get in trouble

Get in Trouble: Stories by Kelly Link 

I have finally managed to read some Kelly Link. And it seems that everything I've read about her work: weird, dark, difficult to categorize, are all true. 

I have this strong affinity for magical realism; the sort of writing where the majority of the setting of the story is realistic, our everyday world, but the edges are frayed and magical, illuminated, slightly off. Magical realism is the grayest of literary elements. Each reader must decide for themselves what constitutes magical realism, as some books are teetering on the fence between magical realism and fantasy or science fiction. 

Although I've previously seen others refer to Link's work as magical realism, it's clear that her writing toppled off that fence and galloped off into the distance quite some time ago. 

The initial setting is always our world, but the added elements are not shimmering at the edges; they're central, vastly different from our regular world behemoths.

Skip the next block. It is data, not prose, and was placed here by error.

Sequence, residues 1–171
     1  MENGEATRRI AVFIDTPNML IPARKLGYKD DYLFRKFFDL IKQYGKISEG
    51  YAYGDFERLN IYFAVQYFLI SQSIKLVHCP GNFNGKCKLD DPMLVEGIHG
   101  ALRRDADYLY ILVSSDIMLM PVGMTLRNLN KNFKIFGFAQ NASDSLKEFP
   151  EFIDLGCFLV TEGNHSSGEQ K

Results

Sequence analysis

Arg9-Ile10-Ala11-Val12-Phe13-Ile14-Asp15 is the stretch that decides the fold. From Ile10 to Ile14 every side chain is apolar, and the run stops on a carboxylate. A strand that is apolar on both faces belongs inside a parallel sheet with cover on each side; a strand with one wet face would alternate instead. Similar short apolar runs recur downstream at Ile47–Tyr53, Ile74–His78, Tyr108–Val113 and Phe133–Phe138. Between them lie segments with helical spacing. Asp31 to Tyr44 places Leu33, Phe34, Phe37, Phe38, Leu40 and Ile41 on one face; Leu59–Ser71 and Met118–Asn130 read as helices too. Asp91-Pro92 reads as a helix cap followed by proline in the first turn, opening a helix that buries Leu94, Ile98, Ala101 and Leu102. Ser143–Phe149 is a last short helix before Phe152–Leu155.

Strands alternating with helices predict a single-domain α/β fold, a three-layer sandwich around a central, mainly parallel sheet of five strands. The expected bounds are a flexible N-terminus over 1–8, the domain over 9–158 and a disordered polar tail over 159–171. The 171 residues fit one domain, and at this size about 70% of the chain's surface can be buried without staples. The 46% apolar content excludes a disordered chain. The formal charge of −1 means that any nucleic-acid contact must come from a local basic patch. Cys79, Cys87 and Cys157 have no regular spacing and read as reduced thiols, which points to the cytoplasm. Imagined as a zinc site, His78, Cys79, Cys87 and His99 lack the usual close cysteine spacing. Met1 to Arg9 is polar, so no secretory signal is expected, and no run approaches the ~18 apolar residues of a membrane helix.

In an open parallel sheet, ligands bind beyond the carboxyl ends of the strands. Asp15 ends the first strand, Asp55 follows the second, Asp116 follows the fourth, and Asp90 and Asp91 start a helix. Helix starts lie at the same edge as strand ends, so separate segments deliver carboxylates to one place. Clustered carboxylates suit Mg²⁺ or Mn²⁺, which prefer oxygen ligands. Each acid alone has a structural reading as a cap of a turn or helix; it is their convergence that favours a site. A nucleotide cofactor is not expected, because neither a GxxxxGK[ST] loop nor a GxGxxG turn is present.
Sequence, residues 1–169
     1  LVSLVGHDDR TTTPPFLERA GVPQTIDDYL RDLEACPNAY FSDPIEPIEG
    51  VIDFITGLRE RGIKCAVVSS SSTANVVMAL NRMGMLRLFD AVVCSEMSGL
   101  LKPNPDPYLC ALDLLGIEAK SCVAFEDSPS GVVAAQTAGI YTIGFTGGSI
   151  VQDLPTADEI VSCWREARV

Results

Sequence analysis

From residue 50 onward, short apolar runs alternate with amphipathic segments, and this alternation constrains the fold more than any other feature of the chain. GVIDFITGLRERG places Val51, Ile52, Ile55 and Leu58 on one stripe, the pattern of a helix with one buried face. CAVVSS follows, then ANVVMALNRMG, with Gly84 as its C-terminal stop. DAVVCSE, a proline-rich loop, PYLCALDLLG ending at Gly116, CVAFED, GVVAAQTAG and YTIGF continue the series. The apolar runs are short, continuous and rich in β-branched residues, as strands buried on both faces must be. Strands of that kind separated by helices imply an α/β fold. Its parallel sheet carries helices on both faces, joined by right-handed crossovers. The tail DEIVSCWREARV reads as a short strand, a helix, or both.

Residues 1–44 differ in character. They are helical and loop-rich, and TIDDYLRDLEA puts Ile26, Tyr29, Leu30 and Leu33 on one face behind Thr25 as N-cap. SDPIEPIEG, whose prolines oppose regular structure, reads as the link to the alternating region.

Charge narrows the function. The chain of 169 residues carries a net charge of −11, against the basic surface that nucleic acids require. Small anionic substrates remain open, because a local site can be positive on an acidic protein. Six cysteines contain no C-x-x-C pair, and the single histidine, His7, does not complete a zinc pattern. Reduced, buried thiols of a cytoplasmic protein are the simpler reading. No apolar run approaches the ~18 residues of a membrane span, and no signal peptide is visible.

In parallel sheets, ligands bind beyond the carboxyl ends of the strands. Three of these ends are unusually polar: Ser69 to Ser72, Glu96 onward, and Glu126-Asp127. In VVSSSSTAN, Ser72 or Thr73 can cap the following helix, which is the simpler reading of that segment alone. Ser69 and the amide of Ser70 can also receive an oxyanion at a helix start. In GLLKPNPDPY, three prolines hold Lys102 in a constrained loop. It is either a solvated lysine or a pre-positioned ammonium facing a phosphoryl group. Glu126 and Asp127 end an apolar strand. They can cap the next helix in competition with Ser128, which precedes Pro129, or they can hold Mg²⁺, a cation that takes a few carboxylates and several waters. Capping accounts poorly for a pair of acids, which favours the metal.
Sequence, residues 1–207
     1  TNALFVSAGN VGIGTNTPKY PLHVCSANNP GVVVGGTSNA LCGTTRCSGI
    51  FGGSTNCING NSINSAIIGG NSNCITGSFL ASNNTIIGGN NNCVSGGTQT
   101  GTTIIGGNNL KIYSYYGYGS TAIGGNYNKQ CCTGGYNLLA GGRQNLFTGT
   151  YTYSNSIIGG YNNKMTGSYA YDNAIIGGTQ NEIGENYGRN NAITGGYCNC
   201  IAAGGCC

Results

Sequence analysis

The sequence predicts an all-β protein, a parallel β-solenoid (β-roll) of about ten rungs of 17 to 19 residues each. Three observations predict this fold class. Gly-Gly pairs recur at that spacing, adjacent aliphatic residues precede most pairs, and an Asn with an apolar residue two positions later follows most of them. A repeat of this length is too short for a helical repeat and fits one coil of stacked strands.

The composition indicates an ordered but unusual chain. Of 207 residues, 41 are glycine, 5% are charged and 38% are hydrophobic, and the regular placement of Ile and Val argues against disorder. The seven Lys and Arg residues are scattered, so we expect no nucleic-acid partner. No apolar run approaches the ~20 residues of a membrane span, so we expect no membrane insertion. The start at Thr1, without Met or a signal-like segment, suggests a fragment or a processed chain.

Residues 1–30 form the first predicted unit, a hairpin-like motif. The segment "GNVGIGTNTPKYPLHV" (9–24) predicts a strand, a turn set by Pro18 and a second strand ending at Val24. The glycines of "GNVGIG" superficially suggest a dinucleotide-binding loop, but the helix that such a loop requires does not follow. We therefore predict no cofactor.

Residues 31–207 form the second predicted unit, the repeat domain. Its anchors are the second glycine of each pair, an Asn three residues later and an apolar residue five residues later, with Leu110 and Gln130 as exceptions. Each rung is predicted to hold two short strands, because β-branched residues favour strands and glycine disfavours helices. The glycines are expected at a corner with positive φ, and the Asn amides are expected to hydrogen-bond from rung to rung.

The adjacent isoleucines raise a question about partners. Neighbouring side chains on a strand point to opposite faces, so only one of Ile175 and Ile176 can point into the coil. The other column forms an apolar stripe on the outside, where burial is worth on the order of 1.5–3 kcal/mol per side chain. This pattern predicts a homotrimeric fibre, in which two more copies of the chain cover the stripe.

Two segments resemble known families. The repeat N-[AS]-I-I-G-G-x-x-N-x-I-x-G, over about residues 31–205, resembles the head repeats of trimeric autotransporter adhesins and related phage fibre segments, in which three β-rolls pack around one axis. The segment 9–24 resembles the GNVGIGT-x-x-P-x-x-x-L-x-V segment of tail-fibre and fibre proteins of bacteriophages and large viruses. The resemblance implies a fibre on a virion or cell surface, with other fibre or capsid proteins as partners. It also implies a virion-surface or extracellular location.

photograph by Sharona Jacobs

photograph by Sharona Jacobs

For every single story in the collection, I was confused. Sometimes that confusion lasted just a couple pages, sometimes until a couple pages before the end, and sometimes I thought I was understanding everything only to be blindsided by a change. It's disorienting. Link distracts you with the weirdness and when you're done you realize that it was a foil and that the point of the story is about a relationship or a loss or other struggle.

Is it fantasy or science fiction or what (see "difficult to categorize" above)? Who cares? If you like weird stuff, you'll probably very much enjoy Link. 

* Advanced copy provided by Random House.